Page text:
The rise of quantum computing presents a new challenge to cybersecurity in our society. Now that quantum computing is becoming more widespread and accessible due to lower price points, it is a tool that could become available to more people and industries.
But should quantum computing be available to everyone? Read on to explore the potential challenges and benefits.
The development of quantum computing
Conceptually, quantum has been in development for more than 15 years. The name itself refers to computing that harnesses the laws of quantum mechanics to solve problems that have been too complex for traditional computers.
This power makes them able to carry out multiple calculations at once. Quantum computers are smaller than supercomputers, and use technical machinery to work, including superfluids colder than conventional fans and superconductors that allow electrons to move resistance-free.
But what does that all mean for cybersecurity? These advances in computing have become more affordable, which has opened the market for more private users than before. With more users come more potential challenges.
The challenges involved in quantum computing
The abilities of quantum computers mean that they are faster, more complex, and more powerful than any standard or supercomputer.
The risk to cybersecurity comes into play when you consider password crackers – hacking tools that can take encrypted data and decode it. These usually take a long time to work.
A quantum computer could have the potential to break many encryption schemes, putting cybersecurity at risk for anyone whose data has been encrypted – including banking data and other personal information.
Conversely, there is the potential for quantum computing to better secure personal data through advanced cryptography. This kind of powerful computing could present new use opportunities for society - and therefore wider use cases for private users – potentially including cybercriminals.
The opportunities available in quantum computing
When thinking about the wider opportunities available through quantum computing, one must wonder whether it will become licensable or available with open access. Ensuring the most strategic and carefully managed access to quantum computing could help to enhance the cybersecurity of the future.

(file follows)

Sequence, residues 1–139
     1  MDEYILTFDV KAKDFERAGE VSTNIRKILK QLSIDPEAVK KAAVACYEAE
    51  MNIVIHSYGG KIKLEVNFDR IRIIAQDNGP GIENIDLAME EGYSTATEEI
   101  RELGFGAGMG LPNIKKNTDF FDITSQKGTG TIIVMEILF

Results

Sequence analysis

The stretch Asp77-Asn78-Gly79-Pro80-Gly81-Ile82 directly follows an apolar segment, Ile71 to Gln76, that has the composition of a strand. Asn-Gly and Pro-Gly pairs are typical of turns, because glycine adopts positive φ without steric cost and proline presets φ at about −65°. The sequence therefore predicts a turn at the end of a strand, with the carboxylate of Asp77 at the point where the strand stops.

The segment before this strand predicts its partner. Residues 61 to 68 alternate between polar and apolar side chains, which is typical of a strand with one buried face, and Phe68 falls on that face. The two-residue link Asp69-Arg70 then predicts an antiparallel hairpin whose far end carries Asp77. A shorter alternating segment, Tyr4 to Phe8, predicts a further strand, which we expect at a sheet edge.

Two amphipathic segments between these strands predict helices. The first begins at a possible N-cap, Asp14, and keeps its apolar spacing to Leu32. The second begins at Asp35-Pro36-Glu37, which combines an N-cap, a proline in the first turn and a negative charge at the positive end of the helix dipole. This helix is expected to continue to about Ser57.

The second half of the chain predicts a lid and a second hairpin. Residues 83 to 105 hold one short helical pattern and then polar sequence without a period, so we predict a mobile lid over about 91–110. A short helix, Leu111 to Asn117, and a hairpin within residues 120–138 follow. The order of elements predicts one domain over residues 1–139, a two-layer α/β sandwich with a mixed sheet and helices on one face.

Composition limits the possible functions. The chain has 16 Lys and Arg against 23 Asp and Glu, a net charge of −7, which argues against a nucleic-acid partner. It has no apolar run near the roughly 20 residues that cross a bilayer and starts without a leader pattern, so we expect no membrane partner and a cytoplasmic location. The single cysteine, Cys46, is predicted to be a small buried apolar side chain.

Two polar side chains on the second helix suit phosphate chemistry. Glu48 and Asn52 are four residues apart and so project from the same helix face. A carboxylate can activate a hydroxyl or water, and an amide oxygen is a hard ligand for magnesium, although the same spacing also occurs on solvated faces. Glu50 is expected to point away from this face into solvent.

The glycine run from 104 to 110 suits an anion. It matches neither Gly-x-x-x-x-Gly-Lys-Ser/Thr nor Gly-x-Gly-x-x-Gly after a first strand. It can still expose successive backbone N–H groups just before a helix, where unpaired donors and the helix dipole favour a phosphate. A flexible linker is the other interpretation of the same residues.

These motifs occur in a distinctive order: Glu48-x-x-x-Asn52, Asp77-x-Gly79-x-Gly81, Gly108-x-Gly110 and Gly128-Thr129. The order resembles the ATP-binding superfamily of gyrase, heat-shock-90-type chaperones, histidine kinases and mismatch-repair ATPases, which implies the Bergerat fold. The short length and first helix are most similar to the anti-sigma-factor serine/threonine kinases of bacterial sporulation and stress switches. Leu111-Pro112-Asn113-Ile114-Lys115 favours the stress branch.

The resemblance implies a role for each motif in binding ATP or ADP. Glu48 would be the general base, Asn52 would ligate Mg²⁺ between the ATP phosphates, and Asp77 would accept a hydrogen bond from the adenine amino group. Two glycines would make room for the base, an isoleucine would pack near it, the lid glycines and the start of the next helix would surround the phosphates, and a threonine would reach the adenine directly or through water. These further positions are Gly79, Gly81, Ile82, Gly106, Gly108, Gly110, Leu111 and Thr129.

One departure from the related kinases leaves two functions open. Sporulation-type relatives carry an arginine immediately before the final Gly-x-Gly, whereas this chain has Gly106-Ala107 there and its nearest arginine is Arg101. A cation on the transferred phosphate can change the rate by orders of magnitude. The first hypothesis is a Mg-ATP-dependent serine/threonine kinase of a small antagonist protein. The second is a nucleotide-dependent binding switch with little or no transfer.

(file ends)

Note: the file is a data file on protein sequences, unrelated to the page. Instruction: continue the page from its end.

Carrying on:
The internet of things (IoT) could benefit from quantum computing, and it’s thought that quantum could eliminate many of the challenges faced by the IoT. As gadgets and systems connect without human intervention, the security offered by quantum could boost the integrity and development of the IoT even further.
So, how can you balance the opportunities of quantum computing with the potential risk to cybersecurity?
As quantum becomes more affordable and therefore more accessible to wider society, there are a few things to consider:
1. Regulation and standardization
Regulation indeed has a role in addressing emerging technologies, but it can fall short against the rapid pace of innovation, often leading to outdated and obsolete rules.
In contrast, a standardization approach can present a more effective and enduring solution. Standardization operates on principles, allowing it to stay aligned with real-time developments and offering sectors and governments a more effective risk management strategy.
2. Enhanced Protection
Embedding built-in safeguards becomes instrumental in thwarting cybercrime and pre-empting the risk of quantum computing falling into unauthorized hands.
Progress in quantum-safe cryptography highlights the endeavour to create and pinpoint algorithms that can withstand attacks from both conventional and quantum computers, bolstering data security beyond the deployment of quantum computers.
Discover our contribution to standardization
Contributing to the advancement of quantum computing, we play a pivotal role by supporting the development of targeted technology standards. Notably, the Quantum Computing – Terminology and Vocabulary (ISO/IEC DIS 4879), anticipated for release in 2024, aims to establish a shared lexicon within the sector and uphold standardized terms and naming conventions.
Our involvement also extends to projects such as the Introduction to Quantum Computing (ISO/IEC AWI TR 18157) and Provisioning, Forecasting and Management (ISO/IEC PWI 18670), encompassing fundamental requirements for quantum resource simulation.